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All work and no play makes for meh output.

Georgina Robilliard
Aug 23
 - In 

There have been loads of studies on how to optimise productivity and most of them have found that 35 hours per week is ideal. There’s a town in Sweden that is going even further. They are conducting an experiment. They have decreased the working day to just 6 hours for some people without decreasing their take home salaries while keeping some people at 7+ hour days, which they have been used to previously. They plan to track productivity and compare the two groups.

The theory is that there is a lot of wasted time in a full working day and I think there’s something in that. We’ve all been guilty of getting a little distracted at work (for me, it’s usually snack related distraction). If we spend less time at work, we’d have more time to relax and do those things that we never seem to have time to do. They’re hoping that workers will be more focussed and get more done in the time they have at work. Would more people enjoy their jobs and chuck fewer sickies, if they didn’t have to work all the time?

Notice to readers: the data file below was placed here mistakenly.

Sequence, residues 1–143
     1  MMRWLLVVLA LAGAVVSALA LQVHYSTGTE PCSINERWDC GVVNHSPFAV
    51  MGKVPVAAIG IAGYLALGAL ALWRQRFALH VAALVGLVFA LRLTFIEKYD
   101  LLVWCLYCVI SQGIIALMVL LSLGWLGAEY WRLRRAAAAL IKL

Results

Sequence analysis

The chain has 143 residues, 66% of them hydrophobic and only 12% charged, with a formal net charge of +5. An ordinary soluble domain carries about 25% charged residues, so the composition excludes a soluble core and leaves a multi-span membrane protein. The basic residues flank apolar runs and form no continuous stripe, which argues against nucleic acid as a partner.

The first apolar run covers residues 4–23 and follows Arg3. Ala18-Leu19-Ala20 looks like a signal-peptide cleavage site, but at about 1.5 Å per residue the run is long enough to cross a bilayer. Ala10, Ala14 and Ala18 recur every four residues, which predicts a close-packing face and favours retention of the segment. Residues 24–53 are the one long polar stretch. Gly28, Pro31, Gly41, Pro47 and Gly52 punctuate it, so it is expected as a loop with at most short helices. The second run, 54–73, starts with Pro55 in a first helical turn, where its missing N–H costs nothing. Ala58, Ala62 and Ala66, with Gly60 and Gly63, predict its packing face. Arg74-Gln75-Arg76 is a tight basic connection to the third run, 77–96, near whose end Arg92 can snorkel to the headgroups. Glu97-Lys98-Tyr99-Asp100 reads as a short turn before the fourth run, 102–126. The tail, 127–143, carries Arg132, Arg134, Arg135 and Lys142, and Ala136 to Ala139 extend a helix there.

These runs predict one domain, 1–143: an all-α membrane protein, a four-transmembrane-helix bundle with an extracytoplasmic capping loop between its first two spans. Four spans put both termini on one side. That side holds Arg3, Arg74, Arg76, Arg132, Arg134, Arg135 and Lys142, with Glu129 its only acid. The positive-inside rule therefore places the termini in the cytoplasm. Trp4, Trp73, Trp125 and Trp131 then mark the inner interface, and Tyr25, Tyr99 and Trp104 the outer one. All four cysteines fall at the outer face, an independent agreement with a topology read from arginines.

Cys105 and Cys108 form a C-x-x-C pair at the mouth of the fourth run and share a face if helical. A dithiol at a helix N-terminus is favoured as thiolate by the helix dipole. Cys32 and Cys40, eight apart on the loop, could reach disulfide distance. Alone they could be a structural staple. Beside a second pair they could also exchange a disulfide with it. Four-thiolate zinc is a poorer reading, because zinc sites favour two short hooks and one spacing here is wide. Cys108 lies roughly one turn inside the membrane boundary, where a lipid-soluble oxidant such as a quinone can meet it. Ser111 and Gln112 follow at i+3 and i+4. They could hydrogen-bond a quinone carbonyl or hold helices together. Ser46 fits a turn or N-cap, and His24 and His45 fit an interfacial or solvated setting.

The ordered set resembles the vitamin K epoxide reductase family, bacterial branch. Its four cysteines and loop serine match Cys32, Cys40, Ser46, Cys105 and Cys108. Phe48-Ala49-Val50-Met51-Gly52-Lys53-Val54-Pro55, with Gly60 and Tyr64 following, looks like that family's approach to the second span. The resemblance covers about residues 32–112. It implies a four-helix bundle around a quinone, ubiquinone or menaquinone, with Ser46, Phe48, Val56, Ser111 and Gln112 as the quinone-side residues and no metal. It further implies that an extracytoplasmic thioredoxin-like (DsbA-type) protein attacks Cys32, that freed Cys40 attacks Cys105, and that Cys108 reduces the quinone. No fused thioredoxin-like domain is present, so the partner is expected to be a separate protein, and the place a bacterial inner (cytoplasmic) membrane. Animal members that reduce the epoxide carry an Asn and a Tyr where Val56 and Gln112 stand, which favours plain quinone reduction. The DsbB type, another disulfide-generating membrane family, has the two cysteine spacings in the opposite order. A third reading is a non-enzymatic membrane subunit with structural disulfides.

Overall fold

This approach isn’t embraced by all employers. Those opposing shorter work days often worry that time will continue to be wasted and won’t result in the desired effect. Productivity would therefore be reduced. A valid concern.

I’ve always believed in the importance of having a balanced life. Get a job you love, work hard and do well but leave plenty of time to enjoy other things in your life. This approach stems from the argument that happy people who spend less time chained to their desk, stress less and work more efficiently. Although it might not suit everyone, I like where they’re coming from and eagerly await the results of the Swedish study.

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